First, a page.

When you create a movie, a lot of expenses go into that: actors, sets, production, everything that goes into creating a feature film. A VR content creator doesn’t have that luxury. When they make their movie, if it’s strictly a 360 or VR movie, they can’t afford to pay a big actor the amount of money they cost. They can’t afford to have these amazing sets. You can use those assets that you’re given when you coexist with a feature film.

Above: It’s Nicholas Cage. In VR.

Image Credit: Minds Eye Entertainment

VentureBeat: What do you like about 360 video versus 360 animation? A game as opposed to a film in VR?

Cloyd: Currently, the market in VR is mostly experiential and gaming. That’s just where we’re at today. For people like me and a lot of my friends and family, who may be older than the average gamer, I think they want story. They want actors and characters they recognize. It’s the same as when you go to a movie in the theater today. You go and see a movie because you know it has a great story and it has actors and characters you recognize. That drives people to go to the theater.

I think the evolution of VR is going to be the same. In order to get that headset on, it needs to be a really amazing story with actors and characters that you could relate to, or that you have always enjoyed watching your whole life. Those types of experiences will drive the masses. The gaming VR industry is booming, and it’s great. There are some amazing experiences. It’s the same with experiential VR. But you can only enjoy going to the Taj Mahal or some other location like that a couple times. You can only enjoy going to a concert a couple of times. You want stories that engage you, that you can immerse yourself in for a period of time and escape. It’s the same reason we go to a movie theater, to escape into a movie for a couple of hours. We forget the rest of our reality.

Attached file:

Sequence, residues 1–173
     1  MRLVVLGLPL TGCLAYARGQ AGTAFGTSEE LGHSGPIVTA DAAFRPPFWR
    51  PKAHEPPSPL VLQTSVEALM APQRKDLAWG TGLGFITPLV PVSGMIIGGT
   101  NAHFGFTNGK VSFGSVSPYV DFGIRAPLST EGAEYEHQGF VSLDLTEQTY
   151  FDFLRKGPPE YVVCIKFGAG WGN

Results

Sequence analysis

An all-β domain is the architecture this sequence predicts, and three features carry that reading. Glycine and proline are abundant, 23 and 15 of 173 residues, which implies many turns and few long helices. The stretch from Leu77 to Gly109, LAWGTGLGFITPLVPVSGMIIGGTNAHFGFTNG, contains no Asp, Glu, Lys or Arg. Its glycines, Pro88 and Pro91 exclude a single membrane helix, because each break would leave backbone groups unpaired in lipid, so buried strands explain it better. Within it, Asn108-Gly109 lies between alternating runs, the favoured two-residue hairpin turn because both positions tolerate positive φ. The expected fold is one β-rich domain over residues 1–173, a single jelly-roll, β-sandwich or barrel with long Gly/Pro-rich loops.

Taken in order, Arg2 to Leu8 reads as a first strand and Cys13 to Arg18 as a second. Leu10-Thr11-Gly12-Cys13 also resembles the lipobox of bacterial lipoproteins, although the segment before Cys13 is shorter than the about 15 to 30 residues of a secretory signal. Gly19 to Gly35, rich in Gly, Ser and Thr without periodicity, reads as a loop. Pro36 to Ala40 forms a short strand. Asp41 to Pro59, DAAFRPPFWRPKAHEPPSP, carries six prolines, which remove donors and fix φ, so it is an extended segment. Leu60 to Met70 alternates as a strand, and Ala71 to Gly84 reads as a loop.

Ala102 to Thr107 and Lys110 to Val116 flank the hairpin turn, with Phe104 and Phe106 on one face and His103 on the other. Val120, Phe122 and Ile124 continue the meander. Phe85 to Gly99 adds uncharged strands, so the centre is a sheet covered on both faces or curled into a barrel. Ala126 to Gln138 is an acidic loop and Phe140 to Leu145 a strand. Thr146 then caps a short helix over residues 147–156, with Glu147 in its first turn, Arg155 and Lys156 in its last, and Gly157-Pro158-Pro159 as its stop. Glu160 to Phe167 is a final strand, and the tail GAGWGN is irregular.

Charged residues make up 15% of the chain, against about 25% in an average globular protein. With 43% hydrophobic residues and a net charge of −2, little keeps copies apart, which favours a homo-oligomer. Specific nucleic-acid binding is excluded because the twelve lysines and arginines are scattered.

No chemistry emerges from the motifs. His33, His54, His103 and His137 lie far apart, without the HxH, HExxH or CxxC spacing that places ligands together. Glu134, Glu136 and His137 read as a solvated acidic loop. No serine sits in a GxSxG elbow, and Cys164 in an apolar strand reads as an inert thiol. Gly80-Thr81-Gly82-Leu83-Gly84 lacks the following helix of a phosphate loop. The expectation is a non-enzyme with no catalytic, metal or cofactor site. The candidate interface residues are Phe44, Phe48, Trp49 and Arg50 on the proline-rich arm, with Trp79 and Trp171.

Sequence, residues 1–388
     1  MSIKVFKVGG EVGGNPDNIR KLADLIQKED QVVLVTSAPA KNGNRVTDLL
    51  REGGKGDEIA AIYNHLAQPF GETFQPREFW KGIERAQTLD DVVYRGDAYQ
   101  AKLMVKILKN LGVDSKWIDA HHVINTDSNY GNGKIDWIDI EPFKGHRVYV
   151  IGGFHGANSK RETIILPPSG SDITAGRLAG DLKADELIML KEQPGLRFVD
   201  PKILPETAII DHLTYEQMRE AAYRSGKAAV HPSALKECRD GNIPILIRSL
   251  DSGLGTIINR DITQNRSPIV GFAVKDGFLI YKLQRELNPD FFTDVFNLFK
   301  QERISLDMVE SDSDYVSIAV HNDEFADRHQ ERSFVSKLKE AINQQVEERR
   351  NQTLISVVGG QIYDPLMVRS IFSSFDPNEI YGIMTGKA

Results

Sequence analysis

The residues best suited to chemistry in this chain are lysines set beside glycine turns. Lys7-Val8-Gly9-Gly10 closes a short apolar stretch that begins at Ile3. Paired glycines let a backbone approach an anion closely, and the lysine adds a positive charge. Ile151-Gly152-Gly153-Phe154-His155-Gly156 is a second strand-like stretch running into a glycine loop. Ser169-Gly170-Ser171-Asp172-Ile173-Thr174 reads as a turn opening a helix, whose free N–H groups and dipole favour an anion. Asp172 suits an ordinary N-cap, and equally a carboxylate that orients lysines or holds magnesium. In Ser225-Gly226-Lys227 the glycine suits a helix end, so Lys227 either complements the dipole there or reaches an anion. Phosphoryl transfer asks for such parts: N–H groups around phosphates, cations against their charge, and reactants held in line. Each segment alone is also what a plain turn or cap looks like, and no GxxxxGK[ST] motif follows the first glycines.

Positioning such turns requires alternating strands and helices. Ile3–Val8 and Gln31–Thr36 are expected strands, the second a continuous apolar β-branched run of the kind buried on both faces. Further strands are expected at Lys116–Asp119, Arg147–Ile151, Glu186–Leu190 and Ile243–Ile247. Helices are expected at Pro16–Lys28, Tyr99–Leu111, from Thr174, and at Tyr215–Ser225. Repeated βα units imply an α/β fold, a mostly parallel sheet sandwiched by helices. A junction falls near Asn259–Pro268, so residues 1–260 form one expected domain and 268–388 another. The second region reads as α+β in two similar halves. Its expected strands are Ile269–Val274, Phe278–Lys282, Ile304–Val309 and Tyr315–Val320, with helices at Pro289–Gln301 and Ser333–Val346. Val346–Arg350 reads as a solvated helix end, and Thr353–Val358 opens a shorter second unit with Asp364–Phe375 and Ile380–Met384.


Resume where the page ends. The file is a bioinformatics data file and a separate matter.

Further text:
VentureBeat: VR isn’t taking off as fast as some people had hoped. Do you still have this faith that it’s going to be the next big medium?

Cloyd: Yeah. I don’t necessarily even need to have an opinion, because I’m a content creator in the VR world. I look at the tech companies, like Google and what they’re doing with Daydream. Or Oculus and Gear VR and Rift through Facebook. HTC, Microsoft, Valve and Steam. Those are the biggest, most powerful tech companies in the world. They’ve invested a lot of their time and energy and effort and money into creating this new medium. Because of that, it’s not going away.